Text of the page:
Cycling Plus magazine tested the higher spec Roubaix Comp in their 2011 Bike of the Year supplement and were sold on its charms: smooth riding, quick and, more than anything, comfortable. The elite shares the same quality FACT carbon frameset and some of the 105 drivetrain – but without the Comp’s £350 premium. At 8.72kg the Roubaix is carrying a little more than its rivals, though out on the road we were hard pushed to notice any difference.
The ride is smooth but not as cosseting as the higher spec versions; they come with a Zertz carbon seatpost whereas here a standard carbon post is supplied. We actually prefer the elite’s slightly harder ride – it transmits more road buzz through the seat and shallow drop aluminium bar but it’s never uncomfortable, and getting a feel for the road surface, especially in fast corners, gives confidence when you’re approaching the limits of grip.
We don’t know whether the damping ability of the Roubaix comes from the Zertz fork and seatstay inserts or the kinks in the fork and stays adding more surface area to take and disperse vibration. What we can be sure of is Specialized tyres: yep, they say 23mm, but get out the vernier callipers and you’ll see they’re closer to 26mm. That increase in volume adds plenty of cushioning with little difference in rolling speed: an ideal choice for a bike of this type.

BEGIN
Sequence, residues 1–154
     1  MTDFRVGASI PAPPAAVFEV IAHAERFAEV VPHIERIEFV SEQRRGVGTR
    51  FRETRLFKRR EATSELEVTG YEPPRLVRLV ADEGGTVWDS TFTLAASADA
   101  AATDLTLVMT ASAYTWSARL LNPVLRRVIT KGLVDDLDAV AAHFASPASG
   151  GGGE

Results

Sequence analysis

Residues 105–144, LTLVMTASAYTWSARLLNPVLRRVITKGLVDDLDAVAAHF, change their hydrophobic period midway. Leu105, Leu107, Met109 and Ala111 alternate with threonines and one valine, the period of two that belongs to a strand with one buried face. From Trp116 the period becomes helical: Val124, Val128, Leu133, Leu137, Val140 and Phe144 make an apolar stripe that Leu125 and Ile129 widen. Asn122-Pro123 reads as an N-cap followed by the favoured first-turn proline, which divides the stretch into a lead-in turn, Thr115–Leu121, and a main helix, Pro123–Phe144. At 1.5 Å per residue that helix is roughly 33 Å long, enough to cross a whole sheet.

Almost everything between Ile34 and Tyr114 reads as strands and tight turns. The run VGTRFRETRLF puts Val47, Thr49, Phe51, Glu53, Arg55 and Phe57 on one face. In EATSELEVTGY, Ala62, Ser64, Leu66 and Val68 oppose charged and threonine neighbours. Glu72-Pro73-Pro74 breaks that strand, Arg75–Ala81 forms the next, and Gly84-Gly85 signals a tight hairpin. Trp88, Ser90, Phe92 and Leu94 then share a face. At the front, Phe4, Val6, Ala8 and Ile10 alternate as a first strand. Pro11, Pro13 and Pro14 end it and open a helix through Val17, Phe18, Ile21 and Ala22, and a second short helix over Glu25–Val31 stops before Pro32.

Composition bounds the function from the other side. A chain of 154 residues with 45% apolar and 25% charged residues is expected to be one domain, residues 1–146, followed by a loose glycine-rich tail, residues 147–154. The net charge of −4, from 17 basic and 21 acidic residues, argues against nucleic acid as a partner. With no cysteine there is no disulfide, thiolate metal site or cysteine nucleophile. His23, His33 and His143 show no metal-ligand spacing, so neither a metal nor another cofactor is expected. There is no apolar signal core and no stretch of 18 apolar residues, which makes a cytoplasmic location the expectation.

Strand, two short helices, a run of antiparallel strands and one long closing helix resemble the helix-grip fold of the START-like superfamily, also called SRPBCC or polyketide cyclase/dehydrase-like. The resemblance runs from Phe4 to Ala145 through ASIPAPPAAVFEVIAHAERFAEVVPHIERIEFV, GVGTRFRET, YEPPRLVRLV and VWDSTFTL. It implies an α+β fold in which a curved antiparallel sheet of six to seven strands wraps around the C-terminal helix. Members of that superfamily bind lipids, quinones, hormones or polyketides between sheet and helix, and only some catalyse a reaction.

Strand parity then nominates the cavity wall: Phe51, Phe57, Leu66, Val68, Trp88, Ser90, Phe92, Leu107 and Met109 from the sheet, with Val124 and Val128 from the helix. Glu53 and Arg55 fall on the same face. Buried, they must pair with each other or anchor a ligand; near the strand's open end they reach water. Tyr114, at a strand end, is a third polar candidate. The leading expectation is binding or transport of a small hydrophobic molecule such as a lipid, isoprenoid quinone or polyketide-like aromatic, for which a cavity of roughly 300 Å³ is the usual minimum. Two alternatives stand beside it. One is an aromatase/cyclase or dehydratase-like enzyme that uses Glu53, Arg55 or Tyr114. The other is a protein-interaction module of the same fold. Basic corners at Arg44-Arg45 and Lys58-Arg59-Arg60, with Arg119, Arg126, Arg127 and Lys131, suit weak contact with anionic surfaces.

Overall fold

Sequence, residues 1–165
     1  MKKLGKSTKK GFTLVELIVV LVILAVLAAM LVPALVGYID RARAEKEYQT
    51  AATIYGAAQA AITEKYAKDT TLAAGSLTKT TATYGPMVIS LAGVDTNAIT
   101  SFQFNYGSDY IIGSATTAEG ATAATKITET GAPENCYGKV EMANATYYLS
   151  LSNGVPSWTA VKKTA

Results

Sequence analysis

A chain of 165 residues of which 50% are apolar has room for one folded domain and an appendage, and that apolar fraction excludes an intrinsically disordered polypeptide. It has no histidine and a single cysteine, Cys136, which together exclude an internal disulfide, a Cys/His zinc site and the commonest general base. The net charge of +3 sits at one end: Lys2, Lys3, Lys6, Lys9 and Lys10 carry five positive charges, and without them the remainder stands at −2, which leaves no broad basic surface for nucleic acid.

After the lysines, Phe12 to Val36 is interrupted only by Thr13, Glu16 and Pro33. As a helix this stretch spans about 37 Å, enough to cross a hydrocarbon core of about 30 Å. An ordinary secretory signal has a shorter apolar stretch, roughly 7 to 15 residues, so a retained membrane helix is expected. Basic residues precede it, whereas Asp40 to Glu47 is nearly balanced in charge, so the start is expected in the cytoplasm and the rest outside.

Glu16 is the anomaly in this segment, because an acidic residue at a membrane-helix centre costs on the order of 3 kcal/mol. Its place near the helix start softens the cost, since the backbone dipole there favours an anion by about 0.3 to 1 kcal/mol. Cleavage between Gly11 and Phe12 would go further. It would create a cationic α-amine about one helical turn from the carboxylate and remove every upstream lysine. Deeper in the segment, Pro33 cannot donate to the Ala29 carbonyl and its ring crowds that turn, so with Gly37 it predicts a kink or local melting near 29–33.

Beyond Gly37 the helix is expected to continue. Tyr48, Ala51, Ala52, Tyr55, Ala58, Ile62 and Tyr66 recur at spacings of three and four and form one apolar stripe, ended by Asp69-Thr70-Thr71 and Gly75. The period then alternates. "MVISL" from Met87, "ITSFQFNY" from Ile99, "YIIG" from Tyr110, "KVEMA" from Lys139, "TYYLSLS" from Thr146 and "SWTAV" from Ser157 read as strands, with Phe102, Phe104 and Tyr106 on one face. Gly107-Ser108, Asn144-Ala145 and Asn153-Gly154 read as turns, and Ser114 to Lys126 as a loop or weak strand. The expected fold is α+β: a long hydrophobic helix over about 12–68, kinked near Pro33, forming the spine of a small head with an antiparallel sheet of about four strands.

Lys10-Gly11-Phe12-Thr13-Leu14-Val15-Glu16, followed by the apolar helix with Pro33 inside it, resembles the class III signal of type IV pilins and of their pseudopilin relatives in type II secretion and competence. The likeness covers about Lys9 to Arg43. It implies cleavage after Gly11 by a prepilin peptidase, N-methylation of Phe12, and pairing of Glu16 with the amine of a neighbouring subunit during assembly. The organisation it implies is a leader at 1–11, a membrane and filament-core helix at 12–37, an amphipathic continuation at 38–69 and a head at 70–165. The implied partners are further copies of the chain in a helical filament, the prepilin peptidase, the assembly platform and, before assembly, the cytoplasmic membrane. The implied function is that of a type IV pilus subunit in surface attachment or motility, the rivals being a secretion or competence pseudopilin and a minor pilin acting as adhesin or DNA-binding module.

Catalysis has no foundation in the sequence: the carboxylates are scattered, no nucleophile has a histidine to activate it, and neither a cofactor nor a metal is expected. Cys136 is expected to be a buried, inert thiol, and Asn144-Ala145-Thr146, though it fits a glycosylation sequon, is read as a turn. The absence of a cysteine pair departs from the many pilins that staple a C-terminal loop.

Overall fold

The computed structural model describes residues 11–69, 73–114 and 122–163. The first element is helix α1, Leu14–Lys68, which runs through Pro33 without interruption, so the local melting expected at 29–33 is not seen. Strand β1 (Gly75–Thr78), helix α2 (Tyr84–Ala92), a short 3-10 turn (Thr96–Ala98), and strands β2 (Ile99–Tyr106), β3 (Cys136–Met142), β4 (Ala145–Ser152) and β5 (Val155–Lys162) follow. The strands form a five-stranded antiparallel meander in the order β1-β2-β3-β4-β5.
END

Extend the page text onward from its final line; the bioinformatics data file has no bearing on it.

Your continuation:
With a 225mm head-tube on our large (58cm) test bike, it’s the most upright on test. It’s a lovely comfortable position when seated, but on more aggressive out-of-the-saddle climbs, honking on the bar, it feels less stable, and when you’re climbing steep sections while seated, the front wheel can feel over-light. On long, less technical descents the tall, upright position results in flowing, smooth handling, but on tighter, twisty sections, especially corners that tighten through their radius, that same tall nature shifts the balance of the bike and made us much less confident than we’d like.
We are still impressed with the Roubaix as an endurance bike – for high miles you’d be hard pushed to find a better place to be – but if you mix your long days out with occasional fast blasts or races, you might find the Roubaix too much of a cruiser.
This article was originally published in Cycling Plus magazine.